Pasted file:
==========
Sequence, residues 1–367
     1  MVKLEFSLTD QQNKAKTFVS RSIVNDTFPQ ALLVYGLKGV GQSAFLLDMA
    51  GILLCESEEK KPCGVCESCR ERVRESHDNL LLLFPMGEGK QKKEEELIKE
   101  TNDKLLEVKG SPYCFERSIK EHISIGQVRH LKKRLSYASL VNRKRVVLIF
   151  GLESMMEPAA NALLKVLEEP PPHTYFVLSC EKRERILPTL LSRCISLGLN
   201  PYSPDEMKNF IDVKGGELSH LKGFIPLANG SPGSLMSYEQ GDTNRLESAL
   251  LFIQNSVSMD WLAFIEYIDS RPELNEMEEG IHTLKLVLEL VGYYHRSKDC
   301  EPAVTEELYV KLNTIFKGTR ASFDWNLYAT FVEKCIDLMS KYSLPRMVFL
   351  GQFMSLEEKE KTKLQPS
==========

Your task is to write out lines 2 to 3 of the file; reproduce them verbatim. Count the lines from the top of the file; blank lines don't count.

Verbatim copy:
     1  MVKLEFSLTD QQNKAKTFVS RSIVNDTFPQ ALLVYGLKGV GQSAFLLDMA
    51  GILLCESEEK KPCGVCESCR ERVRESHDNL LLLFPMGEGK QKKEEELIKE